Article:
Doctor Who uses a non-linear timeline in "Blink" to masterful effect.

A typical story opens when a problem appears and moves forward steadily in time until that problem is resolved. This linear progression is popular for good reason. It’s easier for us humans with our puny three-dimensional existence to understand, and it keeps us guessing what will happen next.

However, it’s not the only way to tell a story. And since we storytellers can’t help sticking our hands into the forbidden realms of overly complex plots, nonlinear narratives are surprisingly common.

Nonlinear story elements include:

  • flashbacks and flashforwards
  • stories within a story
  • viewpoint changes that aren’t consecutive in the story’s timeline
  • large jumps forward
  • time loops
  • stories than unfold backward

I’ll describe some of the challenges that come with these timeline tricks and offer tips for how you can get past them.

1. Rebooting

Cover art from Maplecroft
In Maplecroft, each POV character is connected. Their stories build off each other.

A story’s beginning is the hardest part to tell. The audience has no clue what’s happening and zero investment in the story. You have to fill them in and build emotional bonds, but readers won’t stick around for this process unless you have a great hook to reel them in. By the time that hook wears off, the audience needs to care about your protagonist.

If they are attached to the protagonist, they’ll want to watch that character overcome the problems you introduce – making your plot effective. This attachment doesn’t happen immediately, but once it’s done, you can let out a sigh of relief. You now have the right recipe for a successful story; all you have to do is maintain what you’ve built.

Considering all that work, it’s remarkable how many storytellers abandon the story to do another opening. The scene changes, and the audience finds themselves in an unfamiliar location with new people, facing new problems. The story they care about is nowhere to be seen, so the storyteller must sell them on the new one, explain everything they need to know, and get them invested all over again. But most storytellers don’t think of these cold reboots as new openings, so they put less effort into making them engaging. In such a situation, the audience is more likely to be bored than entertained.

The solution to this is simple: when you make a jump in place or time, build off the story you’ve already started. Your reader cares about that story. If the outcome of your new scene changes the course of events you set in motion earlier, then you’ll have as much engagement as if you had just proceeded forward. Otherwise your audience will probably lose some interest, but depicting previously introduced characters, places, or problems will still be helpful. It may be three-hundred years in the future, but your new character could be reading your protagonist’s research notes.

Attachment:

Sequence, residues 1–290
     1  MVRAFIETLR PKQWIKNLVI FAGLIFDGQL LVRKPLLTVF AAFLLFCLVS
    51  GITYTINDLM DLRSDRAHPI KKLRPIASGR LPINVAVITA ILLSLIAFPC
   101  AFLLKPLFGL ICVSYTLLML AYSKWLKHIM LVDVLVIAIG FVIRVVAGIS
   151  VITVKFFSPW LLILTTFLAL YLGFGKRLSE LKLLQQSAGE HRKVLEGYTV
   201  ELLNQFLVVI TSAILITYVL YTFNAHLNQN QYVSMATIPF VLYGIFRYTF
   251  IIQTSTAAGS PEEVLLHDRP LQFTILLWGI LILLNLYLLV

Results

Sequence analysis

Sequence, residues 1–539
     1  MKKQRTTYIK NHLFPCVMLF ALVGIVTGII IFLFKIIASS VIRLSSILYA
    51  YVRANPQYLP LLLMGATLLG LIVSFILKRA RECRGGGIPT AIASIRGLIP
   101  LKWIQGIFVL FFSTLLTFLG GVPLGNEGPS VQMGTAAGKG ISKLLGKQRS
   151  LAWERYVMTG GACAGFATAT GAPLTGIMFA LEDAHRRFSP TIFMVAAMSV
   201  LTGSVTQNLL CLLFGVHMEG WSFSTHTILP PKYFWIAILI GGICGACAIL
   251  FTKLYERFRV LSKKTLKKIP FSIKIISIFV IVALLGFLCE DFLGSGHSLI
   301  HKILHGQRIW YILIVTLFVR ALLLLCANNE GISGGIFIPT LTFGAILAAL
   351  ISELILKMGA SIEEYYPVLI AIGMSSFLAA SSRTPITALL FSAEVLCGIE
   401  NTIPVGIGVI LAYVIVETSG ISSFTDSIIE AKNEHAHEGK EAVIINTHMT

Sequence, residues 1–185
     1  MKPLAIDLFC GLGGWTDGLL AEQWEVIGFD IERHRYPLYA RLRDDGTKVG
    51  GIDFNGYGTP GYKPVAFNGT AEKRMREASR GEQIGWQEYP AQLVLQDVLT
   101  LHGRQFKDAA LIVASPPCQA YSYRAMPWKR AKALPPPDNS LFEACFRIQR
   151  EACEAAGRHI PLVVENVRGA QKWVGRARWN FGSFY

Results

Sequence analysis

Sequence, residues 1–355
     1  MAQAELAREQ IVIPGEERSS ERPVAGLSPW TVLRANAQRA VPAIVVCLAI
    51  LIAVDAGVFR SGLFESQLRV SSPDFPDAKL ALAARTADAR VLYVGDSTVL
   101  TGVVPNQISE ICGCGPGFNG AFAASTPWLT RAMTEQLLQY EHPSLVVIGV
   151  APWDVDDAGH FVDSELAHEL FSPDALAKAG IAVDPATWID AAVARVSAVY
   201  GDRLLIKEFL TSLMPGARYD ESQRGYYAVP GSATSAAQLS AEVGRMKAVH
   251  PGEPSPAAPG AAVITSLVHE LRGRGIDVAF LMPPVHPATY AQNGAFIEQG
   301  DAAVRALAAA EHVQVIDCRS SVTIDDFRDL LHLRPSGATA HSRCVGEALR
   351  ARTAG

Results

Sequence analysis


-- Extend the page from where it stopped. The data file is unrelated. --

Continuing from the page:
Sure, it’s possible for your cold reboot to have a great hook and get your audience invested in this second story. However, you may have to fight uphill against their resentment. Your new scene is now in their way; it is an obstacle they have to read past to return to the story they like. That doesn’t make it an easy sell.

2. Disorientation

Cover art for Game of Thrones
A Game of Thrones tells you who the new POV character is at the start of each chapter.

Any transition in a story can cause some disorientation. The reader needs to know:

  • Who – If you’re writing in limited, it’s critical that the audience knows who the viewpoint character is as soon as possible.
  • When – Is this scene moving forward, or is it repeating the same time period from a different perspective? If it’s moving forward, how much time has passed since the last scene with this viewpoint character?
  • Where – Are we in the same place, or are we across the world?

In the absence of information, your audience will make assumptions. The later they discover those assumptions are wrong, the more disoriented they’ll feel. For instance, I once read three pages into a chapter of The Lies of Locke Lamora without realizing the boy Locke was now the man Locke, and it was not a good time. Because the story was so different than what I had imagined, I was forced go back over those three pages.

So if you open a new scene with a who, when, or where that is substantially different from what your audience expects, your transition needs to be clearer and quicker than it would be otherwise.

In some cases, it’s possible to artfully weave details of different scenery and seasonal weather into the narrative to inform the audience of the change. However, this depends on your reader remembering details from the previous scene and comparing them. If you had a big Halloween party in the last scene and there are now Christmas trees – okay, sure. But obvious and memorable markers of place and time won’t always fit the story you’re writing. If you’re making a big jump your audience won’t see coming, the stakes are probably too high for subtlety.

This is where chapter labels can come in handy. They stay out of the way of your beautiful narrative, while spelling out what the audience needs to know. If you are making time jumps, the best label is usually the time relative to the last scene: “10 years earlier” or “5 months later.” However, if your changes are dramatic enough, stating the actual calendar year will be quicker. Instead of “300 years later,” saying “Tokyo: 2318” is clearer. But regardless of which method you use to state time changes, please use boring Earth years, months, weeks, etc. The human brain is too pitiful to comprehend the magnificent calendar system you’ve invented.

Even with clear transitions, frequently moving back and forth through time will still be disorienting. When you jump ahead, the audience has to figure out what has changed since the last time they were with these characters. If you present your story out of order, your audience will have to do a lot of thinking to piece the chain of events together. It’s not worth putting them through that just to add novelty to your narrative style; you need an important story-related reason, or it won’t pay off.